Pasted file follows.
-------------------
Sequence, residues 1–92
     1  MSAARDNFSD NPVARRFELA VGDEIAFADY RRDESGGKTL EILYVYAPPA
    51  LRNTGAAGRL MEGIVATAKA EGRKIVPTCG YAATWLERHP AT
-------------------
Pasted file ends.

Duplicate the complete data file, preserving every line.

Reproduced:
Sequence, residues 1–92
     1  MSAARDNFSD NPVARRFELA VGDEIAFADY RRDESGGKTL EILYVYAPPA
    51  LRNTGAAGRL MEGIVATAKA EGRKIVPTCG YAATWLERHP AT